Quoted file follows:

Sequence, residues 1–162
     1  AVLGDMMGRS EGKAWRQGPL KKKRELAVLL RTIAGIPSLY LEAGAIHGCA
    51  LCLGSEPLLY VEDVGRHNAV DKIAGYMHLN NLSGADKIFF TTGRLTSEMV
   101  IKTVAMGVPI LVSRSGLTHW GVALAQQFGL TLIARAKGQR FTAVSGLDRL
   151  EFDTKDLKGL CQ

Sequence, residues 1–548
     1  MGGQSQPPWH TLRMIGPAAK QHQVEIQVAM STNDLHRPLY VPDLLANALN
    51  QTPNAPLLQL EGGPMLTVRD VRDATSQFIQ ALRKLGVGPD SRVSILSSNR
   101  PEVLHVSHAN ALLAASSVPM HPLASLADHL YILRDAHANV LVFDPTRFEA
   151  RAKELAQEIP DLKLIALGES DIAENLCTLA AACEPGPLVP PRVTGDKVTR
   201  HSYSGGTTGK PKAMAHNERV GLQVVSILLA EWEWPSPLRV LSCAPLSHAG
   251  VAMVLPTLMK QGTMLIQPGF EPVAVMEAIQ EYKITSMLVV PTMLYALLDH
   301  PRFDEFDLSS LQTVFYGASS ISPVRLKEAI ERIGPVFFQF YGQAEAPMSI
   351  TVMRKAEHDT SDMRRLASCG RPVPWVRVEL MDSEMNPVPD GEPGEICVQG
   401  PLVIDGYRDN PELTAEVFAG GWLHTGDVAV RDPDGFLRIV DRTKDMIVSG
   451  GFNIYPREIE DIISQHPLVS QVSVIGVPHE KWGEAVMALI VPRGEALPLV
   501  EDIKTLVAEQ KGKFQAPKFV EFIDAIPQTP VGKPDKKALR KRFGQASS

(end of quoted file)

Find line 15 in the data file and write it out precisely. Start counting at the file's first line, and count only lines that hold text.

   401  PLVIDGYRDN PELTAEVFAG GWLHTGDVAV RDPDGFLRIV DRTKDMIVSG